Two years later, when Ahangar was released, he married Dar’s daughter, Rukhsana, and settled in Srinagar, working at his father’s shop. But Ahangar was still committed to Pakistan, something known to Pakistan’s intelligence agency, the Inter-Services Intelligence (ISI). They contacted him in Srinagar and, in 1996, with ISI’s help, he moved to Pakistan with his wife and was immediately provided citizenship. He began working in the publication division of TuM and as an aside ran a stationary shop on Rawalpindi’s Asghar Mall Road.
In 2004, his wife Rukhsana decided to pay a visit to her family in Kashmir. But security forces got a whiff of it. Her passport was confiscated, preventing her from returning to her husband. In her absence, Ahangar married a woman named Saira from Muzaffarabad. Saira’s brother had been an Al Qaeda operative. Through him Ahangar met the dreaded terrorist commander Ilyas Kashmiri who instructed him to move to Pakistan’s North Waziristan area and help providing shelter to Al Qaeda fighters.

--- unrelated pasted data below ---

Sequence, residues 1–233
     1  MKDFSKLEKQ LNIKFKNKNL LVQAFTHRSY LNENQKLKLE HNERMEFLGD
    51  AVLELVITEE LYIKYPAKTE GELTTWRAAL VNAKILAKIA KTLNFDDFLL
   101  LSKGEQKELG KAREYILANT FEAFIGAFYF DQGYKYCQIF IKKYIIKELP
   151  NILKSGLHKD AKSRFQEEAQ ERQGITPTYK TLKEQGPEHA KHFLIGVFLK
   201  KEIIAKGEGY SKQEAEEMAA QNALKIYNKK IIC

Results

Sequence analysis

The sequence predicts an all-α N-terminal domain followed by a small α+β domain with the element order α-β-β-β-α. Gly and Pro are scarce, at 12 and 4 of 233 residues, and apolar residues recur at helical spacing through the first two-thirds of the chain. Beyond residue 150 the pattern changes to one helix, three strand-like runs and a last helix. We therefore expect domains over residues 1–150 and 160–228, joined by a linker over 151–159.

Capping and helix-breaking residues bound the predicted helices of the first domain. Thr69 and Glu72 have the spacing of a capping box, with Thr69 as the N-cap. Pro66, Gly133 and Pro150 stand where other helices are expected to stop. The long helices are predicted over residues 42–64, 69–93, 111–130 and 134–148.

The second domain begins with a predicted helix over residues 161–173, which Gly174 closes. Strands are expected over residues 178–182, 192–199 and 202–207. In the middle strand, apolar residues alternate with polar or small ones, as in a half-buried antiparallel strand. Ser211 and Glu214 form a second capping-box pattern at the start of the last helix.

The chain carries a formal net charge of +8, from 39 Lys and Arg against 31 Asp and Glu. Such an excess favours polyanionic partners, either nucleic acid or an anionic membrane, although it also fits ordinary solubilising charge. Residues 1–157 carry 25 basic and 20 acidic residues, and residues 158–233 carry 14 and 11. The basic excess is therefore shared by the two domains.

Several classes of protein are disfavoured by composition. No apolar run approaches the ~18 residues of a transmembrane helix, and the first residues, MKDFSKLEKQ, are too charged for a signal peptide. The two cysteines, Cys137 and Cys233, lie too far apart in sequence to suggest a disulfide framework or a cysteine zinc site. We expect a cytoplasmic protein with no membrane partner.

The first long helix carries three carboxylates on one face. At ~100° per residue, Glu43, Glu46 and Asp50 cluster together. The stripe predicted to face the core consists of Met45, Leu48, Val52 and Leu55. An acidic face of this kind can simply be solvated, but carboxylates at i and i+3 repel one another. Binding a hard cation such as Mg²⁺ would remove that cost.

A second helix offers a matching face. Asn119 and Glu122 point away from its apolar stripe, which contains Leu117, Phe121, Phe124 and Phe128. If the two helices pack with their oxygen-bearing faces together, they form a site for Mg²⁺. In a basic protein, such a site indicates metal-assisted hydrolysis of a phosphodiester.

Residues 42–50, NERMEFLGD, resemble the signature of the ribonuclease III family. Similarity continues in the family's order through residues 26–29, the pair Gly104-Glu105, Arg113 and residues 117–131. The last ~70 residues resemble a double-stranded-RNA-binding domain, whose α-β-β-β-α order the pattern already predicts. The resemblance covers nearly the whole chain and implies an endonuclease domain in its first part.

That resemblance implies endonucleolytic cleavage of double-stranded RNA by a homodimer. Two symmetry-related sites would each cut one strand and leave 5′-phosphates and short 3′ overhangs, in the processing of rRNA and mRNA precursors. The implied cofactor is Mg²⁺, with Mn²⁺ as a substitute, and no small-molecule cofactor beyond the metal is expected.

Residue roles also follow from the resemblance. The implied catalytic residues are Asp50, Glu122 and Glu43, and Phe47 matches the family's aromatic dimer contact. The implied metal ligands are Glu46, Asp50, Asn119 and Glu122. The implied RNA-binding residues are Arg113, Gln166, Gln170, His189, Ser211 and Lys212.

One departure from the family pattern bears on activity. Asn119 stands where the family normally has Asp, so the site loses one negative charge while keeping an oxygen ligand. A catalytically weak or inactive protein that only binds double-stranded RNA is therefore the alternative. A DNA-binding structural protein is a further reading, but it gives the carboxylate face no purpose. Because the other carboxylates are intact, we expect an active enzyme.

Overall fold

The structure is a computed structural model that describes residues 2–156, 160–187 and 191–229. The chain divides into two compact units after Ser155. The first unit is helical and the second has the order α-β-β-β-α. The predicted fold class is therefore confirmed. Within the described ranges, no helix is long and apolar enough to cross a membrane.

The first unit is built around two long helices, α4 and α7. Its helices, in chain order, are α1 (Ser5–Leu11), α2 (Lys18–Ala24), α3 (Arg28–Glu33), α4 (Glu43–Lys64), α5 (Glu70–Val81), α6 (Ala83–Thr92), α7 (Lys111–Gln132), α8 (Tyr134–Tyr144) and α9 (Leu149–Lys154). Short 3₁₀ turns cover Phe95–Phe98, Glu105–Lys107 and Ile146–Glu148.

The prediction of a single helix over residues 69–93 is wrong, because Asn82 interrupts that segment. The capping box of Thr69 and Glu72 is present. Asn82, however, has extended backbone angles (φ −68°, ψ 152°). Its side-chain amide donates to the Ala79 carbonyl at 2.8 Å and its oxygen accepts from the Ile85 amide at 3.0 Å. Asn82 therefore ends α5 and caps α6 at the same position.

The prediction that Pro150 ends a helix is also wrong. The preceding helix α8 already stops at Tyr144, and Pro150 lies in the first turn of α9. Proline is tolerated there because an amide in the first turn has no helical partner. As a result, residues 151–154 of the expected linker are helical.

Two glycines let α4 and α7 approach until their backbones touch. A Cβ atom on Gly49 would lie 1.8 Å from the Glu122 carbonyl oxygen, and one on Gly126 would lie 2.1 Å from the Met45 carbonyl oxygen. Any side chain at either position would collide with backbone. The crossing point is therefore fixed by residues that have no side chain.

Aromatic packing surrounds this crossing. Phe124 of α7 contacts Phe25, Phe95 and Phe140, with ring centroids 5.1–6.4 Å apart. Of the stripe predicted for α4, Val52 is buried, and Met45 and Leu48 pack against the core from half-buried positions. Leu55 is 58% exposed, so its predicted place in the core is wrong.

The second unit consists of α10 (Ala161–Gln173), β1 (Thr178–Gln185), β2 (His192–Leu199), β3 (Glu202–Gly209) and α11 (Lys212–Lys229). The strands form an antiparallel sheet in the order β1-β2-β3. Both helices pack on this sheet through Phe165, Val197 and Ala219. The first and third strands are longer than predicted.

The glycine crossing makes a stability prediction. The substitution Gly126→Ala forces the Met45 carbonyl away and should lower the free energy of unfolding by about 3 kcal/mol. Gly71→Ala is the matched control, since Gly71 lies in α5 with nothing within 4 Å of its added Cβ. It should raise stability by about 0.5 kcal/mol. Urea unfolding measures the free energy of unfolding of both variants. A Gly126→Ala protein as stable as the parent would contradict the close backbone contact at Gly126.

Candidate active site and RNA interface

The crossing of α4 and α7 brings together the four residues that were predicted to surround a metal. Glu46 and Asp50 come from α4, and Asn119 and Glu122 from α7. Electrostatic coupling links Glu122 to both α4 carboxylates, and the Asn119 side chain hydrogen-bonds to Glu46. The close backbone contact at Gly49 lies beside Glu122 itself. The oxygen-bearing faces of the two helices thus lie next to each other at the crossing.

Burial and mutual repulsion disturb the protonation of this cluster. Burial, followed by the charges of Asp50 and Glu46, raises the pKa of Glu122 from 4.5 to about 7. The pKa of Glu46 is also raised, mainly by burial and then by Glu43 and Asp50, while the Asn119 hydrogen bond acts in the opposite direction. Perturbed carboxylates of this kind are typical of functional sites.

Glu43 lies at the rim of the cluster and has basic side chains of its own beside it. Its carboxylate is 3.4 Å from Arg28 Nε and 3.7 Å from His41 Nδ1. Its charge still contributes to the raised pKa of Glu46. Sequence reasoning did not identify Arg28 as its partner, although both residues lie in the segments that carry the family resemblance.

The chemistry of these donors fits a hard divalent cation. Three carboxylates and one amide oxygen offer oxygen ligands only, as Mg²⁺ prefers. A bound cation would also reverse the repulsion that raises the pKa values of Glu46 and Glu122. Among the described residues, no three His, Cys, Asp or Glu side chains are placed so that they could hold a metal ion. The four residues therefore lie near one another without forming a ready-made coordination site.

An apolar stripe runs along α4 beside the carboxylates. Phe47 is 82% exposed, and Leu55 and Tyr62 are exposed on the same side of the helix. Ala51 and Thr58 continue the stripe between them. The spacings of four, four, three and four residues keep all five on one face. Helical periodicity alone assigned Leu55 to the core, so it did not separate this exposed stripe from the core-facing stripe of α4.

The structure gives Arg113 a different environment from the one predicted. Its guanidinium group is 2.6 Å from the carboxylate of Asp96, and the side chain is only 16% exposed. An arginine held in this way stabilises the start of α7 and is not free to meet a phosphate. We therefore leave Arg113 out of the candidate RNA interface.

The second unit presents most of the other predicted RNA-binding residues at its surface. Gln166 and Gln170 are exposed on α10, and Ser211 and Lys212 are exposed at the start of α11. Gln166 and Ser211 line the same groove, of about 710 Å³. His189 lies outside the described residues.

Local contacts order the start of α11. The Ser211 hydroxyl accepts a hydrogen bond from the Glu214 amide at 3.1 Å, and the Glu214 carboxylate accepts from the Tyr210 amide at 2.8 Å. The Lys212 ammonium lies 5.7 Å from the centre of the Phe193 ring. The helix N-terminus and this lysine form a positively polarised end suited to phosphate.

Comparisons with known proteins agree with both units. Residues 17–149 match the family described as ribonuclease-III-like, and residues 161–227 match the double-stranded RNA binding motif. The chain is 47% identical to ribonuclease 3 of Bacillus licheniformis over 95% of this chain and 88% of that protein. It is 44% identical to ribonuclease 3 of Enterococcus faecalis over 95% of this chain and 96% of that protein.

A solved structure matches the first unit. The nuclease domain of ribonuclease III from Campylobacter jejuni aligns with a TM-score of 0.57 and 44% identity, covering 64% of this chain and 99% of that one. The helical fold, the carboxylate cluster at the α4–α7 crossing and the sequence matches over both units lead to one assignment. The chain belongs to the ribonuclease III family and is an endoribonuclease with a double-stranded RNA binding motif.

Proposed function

Sometime in 2015, Ahangar joined IS and was soon made head of its recruitment in India, particularly Kashmir. According to NIA, it was Ahangar who recruited Abdullah Basith, a young man from Telangana, subsequently arrested by the agency.
Basith was first arrested in 2015 from Nagpur airport when he was about to catch a flight to Srinagar. From there, the NIA investigation has revealed, he planned to cross over to Pakistan and subsequently to Afghanistan. (He was later released on bail and rearrested by NIA in 2018.)
In 2017, Ahangar got his daughter married to a Pakistani Punjabi called Amir Sultan Huzaifa. Huzaifa was known on IS channels as Huzaifa al-Bakistani, an expert in dissemination of Islamist propaganda. With Ahangar’s support and his knowledge of Kashmir and the rest of India, al-Bakistani soon emerged as the top recruiter of radicalised youth across the Indian subcontinent.